Reviewing true stories always makes me a bit uncomfortable. Who am I to critique the lives of people who have been the victims of such a terrible tragedy? But, when a true story is depicted on screen you have to remove emotion and view it as a piece of television drama. ITV’s Manhunt, which is co-written by Senior Investigating Officer Colin Sutton and veteran TV writer Ed Whitmore begins with a caption telling us ‘some names have changed and some situations changed for dramatic purposes.
The three-part drama which airs over three nights this week is based on Sutton’s own memoirs and focuses on the investigation of murders committed in and around London. This first episode focuses on the death of 22-year-old French girl Amélie Delagrange. She’s found dead on Twickenham Green. Sutton is brought in to lead the team investigating her death (she’s been bludgeoned with a hammer we’re led to believe). Martin Clunes, whose production company has made the series stars as Sutton and it’s quite the transformation. Sutton is straight-laced, suited and booted and a back to basics type copper. He’s not weighed down by the magnitude of the task in front of him and tackles everything systematically and pragmatically. His home life is ordinary. He’s happy at home with wife Louise and everything seems fine.
Only this week I droned on about how disappointed I was that the crime element of Luther was left in the foreground with writer Neil Cross preferring to spend more time having his wayward cop race across London to stop one ridiculous calamity after another. Whilst I appreciate Luther isn’t your bog standard crime drama it’s fair to say that Manhunt is the complete antithesis of this. Perhaps because this is based on the true story is pacing is slowed to a crawl as Sutton and his team comb through rivers, watch hours of CCTV and have discussions on their progress.
Whilst I like my crime drama to feel authentic, I really struggled with this first episode. Clunes plays Sutton well, but it’s clear that he’s a character who feels almost too real for television. It’s all quite mundane and uneventful. Calling a TV character ‘ordinary’ isn’t a bad thing, especially when much of the drama in recent memory has been incredibly heightened and over the top, but Sutton is quite a dull character and even although Clunes always has a warm presence on screen the character he’s portraying here doesn’t leave him with a great deal to do. He tells his team early on, “I’m more John Major than Churchill when it comes to speeches’ and I think that sums him up well, he’s not really that memorable or engaging and because the whole piece has him as the focus it feels a little flat.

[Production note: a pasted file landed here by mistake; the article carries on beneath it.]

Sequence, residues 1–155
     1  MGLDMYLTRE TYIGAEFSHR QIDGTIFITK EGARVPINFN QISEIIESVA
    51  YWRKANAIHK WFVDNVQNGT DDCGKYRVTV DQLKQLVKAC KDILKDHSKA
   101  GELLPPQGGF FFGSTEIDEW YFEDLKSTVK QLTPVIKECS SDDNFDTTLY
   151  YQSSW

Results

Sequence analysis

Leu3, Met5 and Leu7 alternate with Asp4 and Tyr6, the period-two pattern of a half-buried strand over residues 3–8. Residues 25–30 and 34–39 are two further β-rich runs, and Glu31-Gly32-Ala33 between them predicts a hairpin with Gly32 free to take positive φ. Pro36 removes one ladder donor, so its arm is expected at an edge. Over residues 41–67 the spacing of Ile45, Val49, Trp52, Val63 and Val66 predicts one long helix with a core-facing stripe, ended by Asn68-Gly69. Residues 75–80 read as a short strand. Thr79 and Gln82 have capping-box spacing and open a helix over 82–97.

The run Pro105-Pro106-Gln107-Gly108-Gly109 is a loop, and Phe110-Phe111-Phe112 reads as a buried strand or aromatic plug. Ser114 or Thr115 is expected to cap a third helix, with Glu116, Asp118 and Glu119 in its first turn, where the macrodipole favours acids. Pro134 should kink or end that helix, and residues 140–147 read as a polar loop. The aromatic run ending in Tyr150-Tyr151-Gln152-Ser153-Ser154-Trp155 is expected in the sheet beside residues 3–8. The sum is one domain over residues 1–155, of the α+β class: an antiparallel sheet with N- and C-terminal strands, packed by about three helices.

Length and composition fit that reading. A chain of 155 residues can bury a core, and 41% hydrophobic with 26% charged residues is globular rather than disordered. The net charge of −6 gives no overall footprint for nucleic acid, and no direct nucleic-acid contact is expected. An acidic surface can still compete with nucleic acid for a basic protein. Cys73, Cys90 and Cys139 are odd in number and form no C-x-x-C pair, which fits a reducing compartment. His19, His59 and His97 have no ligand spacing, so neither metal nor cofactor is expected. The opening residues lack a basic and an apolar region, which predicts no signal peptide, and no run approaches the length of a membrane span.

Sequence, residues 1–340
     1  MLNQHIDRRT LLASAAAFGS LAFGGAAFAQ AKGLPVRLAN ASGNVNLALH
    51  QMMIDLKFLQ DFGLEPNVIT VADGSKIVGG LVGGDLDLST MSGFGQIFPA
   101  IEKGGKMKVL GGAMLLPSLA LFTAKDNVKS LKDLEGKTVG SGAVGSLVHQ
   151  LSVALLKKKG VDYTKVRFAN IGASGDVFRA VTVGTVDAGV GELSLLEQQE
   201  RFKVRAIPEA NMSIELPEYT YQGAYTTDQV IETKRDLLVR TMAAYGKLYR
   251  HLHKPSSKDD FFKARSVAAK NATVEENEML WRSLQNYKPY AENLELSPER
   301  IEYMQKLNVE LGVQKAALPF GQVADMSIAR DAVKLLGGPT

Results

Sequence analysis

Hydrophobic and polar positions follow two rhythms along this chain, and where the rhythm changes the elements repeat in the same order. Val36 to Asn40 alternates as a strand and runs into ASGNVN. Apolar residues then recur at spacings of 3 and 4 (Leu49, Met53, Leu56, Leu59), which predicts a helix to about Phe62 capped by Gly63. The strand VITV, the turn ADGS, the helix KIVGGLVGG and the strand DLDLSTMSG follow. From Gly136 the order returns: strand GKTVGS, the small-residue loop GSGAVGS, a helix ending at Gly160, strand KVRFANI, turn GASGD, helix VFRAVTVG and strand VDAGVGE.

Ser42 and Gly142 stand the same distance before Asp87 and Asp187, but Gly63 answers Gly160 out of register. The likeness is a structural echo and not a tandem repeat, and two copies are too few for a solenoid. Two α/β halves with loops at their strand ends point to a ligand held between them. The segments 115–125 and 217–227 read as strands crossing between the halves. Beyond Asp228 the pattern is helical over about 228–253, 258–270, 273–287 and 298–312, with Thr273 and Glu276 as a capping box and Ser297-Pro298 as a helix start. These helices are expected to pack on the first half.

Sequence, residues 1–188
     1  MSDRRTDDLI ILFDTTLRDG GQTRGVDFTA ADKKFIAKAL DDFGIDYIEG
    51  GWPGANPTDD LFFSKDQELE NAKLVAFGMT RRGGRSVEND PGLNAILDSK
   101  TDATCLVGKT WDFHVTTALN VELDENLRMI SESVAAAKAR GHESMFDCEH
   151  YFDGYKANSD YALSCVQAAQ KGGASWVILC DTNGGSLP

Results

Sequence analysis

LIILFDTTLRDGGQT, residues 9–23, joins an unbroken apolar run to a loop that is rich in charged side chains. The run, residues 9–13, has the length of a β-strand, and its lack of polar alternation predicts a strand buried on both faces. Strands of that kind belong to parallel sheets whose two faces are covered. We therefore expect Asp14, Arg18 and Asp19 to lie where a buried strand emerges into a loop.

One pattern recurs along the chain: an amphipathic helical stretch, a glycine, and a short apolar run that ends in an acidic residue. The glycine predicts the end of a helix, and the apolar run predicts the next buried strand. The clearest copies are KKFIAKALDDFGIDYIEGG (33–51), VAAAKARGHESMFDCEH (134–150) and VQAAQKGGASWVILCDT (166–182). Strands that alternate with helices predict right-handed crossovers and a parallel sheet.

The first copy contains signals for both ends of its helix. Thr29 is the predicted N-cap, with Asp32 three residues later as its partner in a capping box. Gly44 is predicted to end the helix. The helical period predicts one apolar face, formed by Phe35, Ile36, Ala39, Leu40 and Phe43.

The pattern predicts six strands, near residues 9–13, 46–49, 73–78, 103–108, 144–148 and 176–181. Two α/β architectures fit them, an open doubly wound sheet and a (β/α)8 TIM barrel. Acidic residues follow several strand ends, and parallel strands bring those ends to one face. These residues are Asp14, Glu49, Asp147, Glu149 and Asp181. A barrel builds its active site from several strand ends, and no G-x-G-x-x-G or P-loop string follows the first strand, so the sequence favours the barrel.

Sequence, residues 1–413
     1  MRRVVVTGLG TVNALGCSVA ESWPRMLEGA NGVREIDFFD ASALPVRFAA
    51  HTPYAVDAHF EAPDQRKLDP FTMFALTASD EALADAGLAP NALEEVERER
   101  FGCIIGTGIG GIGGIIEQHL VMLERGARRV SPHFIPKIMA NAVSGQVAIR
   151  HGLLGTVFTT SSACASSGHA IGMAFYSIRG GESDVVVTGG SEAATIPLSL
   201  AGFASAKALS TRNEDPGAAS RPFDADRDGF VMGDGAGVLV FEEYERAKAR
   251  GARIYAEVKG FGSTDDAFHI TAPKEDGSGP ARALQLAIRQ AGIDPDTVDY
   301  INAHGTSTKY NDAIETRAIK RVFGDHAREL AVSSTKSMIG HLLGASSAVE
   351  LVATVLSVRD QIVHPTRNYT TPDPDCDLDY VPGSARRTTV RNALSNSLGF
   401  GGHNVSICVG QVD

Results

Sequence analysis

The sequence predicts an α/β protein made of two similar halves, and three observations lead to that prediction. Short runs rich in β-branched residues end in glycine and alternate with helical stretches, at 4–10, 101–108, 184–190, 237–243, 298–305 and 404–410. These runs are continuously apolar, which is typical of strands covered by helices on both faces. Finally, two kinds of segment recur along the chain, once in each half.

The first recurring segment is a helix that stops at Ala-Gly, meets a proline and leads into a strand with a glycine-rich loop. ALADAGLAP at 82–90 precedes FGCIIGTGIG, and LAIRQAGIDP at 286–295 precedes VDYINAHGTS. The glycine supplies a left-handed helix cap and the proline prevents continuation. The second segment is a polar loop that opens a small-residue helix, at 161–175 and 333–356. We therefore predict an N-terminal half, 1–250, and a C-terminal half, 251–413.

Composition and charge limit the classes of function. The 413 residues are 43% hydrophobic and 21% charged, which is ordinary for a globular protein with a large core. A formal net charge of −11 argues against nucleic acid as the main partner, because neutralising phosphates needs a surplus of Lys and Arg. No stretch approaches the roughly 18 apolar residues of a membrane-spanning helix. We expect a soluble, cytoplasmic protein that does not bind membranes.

This isn’t always the case. ITV have had great success with stories of this kind 2011’s Appropriate Adult was incredibly gripping as was 2012’s Mrs Biggs, but those worked because the central characters were really interesting. Here, there isn’t such an engaging character at the centre and while the police investigation has some feels by the book, there’s not much to be excited by or engaged with. As retelling’s of true stories go it does feel incredibly respectable to those involved, and I wouldn’t want it to feel overly sensationalized, but I needed a bit of injection of intrigue or excitement.
I feel I have to say this takes nothing away from the work of Sutton and his team it’s just that as a piece of scripted drama there’s nothing here we haven’t seen before. Sutton was clearly good at his job, he just doesn’t make for a compelling central character that I want to spend the next three hours with.
Manhunt Continues Tomorrow night at 9.00pm and concludes Tuesday at 9.00pm on ITV.